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  • Patricia Galiano

2 Tips on Making Birdie Salad AKA "Chop"

One of my top FAQs are "what do you feed your birds?" and "how do I make chop?", so I thought I would make a post to help promote avian nutrition. Asking yourself these two questions will take you a long way.

  1. Ask yourself, would you eat it?

  2. Presentation is important. One of the primary reasons for feeding your parrot chop is to add enrichment and cater to their foraging instincts. Foods of different shapes, sizes, and colors are important to achieve these goals. Leafy greens are important, but when chop turns into a mash that is overtaken by greens you are defeating the purpose.

  3. Quality is even more important. This doesn't mean that you have to buy the most expensive produce in the store or only shop organic. Leafy greens should be crisp, ingredients should smell fresh, and of course there should be no hint of mold or built up bacteria. Keeping ingredients grouped by expected expiration date and/or cooking method will help to prolong the overall life of your mix. Sprouted seeds are usually the first to go bad and these should be kept separately, in a glass jar, and rinsed each time they are offered.

  4. Ask yourself, should you eat it?

  5. An added benefit of bringing a feathered friend home is motivation to eat healthier yourself. While you're filling up your cart with produce don't forget to save some for yourself to make some healthy "people" salads and side dishes.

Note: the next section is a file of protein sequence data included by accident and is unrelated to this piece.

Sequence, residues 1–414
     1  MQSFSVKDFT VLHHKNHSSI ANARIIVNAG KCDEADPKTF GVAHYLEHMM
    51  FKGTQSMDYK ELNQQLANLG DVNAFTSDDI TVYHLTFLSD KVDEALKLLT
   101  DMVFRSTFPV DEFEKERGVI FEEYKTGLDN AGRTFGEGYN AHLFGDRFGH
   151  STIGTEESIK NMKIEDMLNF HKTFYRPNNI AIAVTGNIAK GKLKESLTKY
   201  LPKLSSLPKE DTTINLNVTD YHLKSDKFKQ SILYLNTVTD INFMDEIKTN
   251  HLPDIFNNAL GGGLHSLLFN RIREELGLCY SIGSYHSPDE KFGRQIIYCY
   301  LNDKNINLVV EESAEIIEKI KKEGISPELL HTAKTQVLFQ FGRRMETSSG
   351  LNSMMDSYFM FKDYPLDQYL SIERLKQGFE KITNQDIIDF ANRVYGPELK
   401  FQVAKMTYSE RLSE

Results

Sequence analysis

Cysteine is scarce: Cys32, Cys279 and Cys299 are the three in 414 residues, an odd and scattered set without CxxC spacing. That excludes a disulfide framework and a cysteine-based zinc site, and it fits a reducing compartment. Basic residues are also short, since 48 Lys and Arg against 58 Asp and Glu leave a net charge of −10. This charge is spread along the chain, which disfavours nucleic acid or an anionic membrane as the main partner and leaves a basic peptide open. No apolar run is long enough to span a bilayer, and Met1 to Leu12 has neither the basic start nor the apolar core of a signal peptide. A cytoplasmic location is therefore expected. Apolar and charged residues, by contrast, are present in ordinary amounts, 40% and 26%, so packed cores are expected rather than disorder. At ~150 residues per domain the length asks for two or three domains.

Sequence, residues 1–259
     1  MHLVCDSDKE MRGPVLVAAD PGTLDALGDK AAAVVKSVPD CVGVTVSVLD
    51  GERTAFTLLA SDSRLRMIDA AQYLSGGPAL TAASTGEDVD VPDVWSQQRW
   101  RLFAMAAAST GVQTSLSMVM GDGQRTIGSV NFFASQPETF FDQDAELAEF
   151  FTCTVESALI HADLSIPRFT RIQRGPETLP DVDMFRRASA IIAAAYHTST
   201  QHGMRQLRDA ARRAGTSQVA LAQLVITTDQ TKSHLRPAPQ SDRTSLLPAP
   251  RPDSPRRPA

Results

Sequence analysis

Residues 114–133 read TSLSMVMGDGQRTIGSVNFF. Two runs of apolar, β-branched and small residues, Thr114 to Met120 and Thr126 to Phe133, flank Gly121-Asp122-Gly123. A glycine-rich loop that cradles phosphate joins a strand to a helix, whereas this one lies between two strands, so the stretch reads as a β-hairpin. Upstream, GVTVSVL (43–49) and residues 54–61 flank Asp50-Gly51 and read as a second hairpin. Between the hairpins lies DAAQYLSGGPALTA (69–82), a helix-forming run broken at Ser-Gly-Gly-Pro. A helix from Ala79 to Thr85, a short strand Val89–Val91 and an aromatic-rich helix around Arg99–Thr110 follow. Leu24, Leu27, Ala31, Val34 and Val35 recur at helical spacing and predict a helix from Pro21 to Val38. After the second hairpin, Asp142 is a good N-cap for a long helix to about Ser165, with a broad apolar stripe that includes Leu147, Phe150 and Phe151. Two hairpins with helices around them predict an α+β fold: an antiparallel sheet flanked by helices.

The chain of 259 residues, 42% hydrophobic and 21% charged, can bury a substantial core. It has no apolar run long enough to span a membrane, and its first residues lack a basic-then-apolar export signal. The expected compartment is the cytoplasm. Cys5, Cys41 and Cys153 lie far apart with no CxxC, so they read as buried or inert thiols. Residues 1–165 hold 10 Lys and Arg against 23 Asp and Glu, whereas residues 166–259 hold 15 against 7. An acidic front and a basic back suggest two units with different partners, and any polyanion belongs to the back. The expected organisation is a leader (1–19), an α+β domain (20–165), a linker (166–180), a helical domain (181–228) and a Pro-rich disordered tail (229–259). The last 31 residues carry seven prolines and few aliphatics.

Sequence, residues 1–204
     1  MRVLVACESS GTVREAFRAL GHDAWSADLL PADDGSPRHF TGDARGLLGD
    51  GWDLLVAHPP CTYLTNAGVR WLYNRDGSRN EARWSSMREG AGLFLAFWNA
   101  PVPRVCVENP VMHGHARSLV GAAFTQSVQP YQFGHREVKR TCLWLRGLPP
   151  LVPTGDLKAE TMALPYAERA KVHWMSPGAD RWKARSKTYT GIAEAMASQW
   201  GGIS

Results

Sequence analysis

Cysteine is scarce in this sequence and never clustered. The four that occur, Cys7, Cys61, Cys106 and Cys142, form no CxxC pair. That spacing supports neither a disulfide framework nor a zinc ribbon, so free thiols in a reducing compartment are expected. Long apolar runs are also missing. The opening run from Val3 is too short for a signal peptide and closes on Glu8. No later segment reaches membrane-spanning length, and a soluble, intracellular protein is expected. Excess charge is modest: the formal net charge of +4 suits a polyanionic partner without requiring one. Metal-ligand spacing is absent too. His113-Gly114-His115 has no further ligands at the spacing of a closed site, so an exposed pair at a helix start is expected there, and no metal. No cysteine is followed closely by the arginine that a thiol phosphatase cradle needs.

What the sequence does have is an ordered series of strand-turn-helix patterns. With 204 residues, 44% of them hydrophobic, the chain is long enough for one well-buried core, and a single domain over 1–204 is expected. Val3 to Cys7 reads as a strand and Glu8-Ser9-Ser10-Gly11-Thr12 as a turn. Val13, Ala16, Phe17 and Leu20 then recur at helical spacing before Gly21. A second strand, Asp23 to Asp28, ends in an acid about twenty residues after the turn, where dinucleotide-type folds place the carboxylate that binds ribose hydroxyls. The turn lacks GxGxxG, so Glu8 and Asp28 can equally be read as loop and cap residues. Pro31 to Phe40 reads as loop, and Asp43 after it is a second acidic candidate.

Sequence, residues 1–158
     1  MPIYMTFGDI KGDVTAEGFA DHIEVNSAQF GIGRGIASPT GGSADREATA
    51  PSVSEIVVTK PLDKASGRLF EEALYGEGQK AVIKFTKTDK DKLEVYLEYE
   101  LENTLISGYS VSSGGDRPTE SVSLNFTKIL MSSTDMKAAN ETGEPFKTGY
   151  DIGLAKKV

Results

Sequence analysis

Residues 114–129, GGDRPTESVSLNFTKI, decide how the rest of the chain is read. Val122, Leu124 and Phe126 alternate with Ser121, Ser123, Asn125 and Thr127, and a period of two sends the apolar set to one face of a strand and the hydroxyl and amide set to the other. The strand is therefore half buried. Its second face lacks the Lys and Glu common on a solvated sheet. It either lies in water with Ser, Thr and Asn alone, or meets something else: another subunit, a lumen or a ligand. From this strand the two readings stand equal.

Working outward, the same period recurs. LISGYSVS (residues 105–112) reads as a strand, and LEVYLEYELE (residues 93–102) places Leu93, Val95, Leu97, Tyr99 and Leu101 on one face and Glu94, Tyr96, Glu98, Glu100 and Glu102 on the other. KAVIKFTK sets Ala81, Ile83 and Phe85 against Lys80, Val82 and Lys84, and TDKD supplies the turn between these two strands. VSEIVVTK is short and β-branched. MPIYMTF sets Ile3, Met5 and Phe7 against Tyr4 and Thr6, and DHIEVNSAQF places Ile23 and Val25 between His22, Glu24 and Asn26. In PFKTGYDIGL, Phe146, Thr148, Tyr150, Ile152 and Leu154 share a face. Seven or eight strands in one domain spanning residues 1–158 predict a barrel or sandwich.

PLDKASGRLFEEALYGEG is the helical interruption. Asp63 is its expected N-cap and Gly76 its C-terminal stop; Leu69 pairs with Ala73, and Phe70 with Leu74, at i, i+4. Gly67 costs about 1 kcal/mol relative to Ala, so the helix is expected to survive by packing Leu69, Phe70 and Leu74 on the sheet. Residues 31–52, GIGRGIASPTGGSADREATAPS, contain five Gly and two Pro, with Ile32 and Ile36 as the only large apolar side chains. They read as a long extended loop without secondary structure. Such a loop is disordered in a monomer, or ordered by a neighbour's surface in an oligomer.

6. Anything that is bad for you - some examples are salty French fries, ice cream, pizza, alcohol - is bad for them. Avocados are an exception. They are great for us but toxic to parrots, and other pets.

  7. Focus on "eating the rainbow". Different vegetables provide different nutrients and a wide assortment should be available. This also aids in the enrichment and foraging noted above. The most important color to include is orange, an indicator of foods high in Beta-carotene. Vitamin A deficiencies are common in parrots and as a precursor to this vitamin, beta-carotene is essential. Think carrots, sweet potatoes/yams, mango, butternut squash, etc.

  8. Pellets are the parrot multivitamin and should make up at least 70% of the overall diet, with the exception of those with specialized digestive tracts such as lorikeets and Eclectus parrots. It is virtually impossible to replicate the specific nutritional needs of a parrot through providing chop alone. Some brands are better than others which is typically indicative of the price tag. My personal preference is the Mazuri brand for all but my Eclectus which are provided with TOPs organic, cold pressed, pellets which contain no added manmade vitamins.

I hope these guidelines are helpful as you browse your local grocery store!

Violet Indian Ringneck
Lilo, my Violet Indian Ringneck, inspecting my selection.

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